Incidentally, several other videos of layouts that will be available at the Peachtree Express Convention can also be viewed at this location: www.youtube.com/user/NMRA2013

If you have a layout that you think would qualify for this spotlight or if you know someone who does, please send me an email at gregwarth@building-your-model-railroad.com.


Model Railroading Books!

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Model Railroading Books

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Hope you enjoyed this issue of BYMRR-Zine. Feel free to pass it on to your friends, family and other model railroaders. If you have a great tip that you would like to publish here, please let me know - The more, the better. Any comments or suggestions are always welcome. Don't forget to send in YOUR tips! You can either go to the Comments/Contact Page and enter your suggestions there or contact me directly at gregwarth@building-your-model-railroad.com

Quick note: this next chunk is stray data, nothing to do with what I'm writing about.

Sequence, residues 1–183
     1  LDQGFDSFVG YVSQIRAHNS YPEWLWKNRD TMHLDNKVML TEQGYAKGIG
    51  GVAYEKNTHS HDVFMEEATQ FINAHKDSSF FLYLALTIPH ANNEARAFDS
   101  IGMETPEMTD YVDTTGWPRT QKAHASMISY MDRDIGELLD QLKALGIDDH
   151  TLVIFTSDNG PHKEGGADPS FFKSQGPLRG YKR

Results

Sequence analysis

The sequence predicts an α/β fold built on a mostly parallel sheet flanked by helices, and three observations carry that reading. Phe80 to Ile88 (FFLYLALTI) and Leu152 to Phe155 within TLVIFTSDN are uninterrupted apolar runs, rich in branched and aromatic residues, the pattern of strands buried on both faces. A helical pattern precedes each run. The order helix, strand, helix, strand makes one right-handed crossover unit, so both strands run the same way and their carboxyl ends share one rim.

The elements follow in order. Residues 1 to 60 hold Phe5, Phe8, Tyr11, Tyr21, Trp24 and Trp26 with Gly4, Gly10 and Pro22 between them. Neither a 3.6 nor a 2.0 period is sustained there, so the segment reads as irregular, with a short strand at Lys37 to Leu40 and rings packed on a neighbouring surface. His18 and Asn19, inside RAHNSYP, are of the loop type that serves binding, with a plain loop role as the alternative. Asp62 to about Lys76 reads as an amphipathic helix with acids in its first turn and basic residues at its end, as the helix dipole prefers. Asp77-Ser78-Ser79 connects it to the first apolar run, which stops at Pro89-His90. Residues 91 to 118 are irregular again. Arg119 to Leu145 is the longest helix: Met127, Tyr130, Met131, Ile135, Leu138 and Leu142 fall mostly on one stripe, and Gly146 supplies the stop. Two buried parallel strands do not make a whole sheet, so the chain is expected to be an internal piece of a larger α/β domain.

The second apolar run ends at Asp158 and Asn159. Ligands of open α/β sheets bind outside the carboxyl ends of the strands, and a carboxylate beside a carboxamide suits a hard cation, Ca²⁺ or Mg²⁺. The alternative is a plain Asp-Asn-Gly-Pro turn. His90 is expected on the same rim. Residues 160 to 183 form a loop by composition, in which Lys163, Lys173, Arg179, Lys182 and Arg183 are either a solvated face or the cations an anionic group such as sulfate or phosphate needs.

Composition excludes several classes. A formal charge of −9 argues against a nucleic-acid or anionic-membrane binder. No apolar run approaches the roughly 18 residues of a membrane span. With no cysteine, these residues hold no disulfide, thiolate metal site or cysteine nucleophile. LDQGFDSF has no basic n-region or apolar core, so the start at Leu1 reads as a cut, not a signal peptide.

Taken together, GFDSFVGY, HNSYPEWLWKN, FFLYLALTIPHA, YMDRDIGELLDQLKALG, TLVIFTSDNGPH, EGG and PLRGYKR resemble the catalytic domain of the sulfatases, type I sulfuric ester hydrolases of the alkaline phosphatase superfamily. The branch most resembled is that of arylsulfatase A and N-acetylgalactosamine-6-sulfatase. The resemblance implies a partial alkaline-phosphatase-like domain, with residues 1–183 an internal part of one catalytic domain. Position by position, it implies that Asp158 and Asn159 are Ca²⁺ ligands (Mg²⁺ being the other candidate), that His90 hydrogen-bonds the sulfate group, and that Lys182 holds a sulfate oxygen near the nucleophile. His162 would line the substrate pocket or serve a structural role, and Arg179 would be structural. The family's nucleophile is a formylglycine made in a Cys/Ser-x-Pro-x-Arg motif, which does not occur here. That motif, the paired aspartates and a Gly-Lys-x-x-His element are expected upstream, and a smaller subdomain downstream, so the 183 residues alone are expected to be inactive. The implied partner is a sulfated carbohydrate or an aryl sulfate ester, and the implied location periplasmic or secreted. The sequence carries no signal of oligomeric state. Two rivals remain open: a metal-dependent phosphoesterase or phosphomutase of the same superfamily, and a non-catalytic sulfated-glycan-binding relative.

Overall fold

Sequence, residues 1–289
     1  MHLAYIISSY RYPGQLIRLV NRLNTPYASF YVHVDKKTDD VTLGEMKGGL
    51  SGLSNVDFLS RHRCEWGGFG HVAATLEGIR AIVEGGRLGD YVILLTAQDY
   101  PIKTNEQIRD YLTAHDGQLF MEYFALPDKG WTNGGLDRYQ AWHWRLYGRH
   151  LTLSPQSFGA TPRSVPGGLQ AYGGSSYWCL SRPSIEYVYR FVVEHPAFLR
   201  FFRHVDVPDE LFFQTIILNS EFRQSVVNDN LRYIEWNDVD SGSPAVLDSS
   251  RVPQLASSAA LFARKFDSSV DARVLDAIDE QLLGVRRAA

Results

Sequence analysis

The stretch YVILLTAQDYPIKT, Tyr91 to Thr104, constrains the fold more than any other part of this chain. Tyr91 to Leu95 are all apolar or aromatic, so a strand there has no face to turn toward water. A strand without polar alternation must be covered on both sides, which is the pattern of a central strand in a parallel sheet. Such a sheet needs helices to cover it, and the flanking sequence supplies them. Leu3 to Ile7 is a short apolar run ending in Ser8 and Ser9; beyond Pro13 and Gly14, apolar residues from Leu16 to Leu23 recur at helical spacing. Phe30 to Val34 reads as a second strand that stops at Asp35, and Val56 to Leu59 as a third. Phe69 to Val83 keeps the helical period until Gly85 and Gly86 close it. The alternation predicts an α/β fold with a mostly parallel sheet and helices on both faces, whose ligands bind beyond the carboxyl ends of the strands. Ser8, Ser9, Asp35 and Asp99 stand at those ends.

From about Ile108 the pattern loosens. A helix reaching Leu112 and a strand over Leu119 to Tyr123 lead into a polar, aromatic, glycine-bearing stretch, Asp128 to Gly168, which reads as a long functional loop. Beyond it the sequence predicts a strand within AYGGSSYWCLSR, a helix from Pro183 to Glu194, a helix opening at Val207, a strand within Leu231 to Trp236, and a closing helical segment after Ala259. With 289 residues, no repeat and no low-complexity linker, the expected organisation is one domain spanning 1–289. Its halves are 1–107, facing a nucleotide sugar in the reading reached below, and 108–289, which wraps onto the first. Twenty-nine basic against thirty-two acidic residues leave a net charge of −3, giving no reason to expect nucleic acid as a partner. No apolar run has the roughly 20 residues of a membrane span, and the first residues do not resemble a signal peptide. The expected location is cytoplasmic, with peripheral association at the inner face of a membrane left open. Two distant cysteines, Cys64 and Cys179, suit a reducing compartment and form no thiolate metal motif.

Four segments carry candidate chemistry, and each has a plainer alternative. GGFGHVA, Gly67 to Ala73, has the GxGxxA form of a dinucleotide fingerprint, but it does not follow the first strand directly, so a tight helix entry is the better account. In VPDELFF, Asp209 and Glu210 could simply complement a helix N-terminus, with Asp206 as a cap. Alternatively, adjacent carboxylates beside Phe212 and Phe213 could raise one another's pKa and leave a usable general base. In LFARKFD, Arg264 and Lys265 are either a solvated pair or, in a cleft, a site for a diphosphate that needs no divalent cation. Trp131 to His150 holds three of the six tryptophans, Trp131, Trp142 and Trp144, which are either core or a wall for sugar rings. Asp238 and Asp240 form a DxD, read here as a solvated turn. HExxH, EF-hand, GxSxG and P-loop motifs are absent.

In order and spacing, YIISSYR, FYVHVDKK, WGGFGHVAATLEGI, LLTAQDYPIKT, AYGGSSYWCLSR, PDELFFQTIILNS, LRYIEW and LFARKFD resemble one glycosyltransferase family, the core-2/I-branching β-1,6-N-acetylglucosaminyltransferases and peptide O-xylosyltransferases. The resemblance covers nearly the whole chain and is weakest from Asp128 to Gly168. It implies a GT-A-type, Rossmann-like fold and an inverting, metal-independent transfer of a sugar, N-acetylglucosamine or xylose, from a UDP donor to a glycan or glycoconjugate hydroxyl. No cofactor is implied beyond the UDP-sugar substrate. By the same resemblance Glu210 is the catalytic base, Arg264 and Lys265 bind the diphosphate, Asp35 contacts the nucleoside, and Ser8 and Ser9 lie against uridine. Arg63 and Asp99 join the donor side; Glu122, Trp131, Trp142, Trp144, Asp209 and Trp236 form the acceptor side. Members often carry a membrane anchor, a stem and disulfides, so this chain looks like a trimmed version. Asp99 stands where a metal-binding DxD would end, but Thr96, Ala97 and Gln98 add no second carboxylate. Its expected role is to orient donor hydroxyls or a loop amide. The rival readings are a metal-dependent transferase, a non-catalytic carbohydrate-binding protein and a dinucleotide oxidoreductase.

Thank you for your support and for subscribing to the free BYMRr-Zine, the newsletter for Building Your Model Railroad.

And, as always, thank you for visiting the BYMRR website at
http://www.bymrr.com.

-Greg Warth



Copyright 2013. All rights reserved.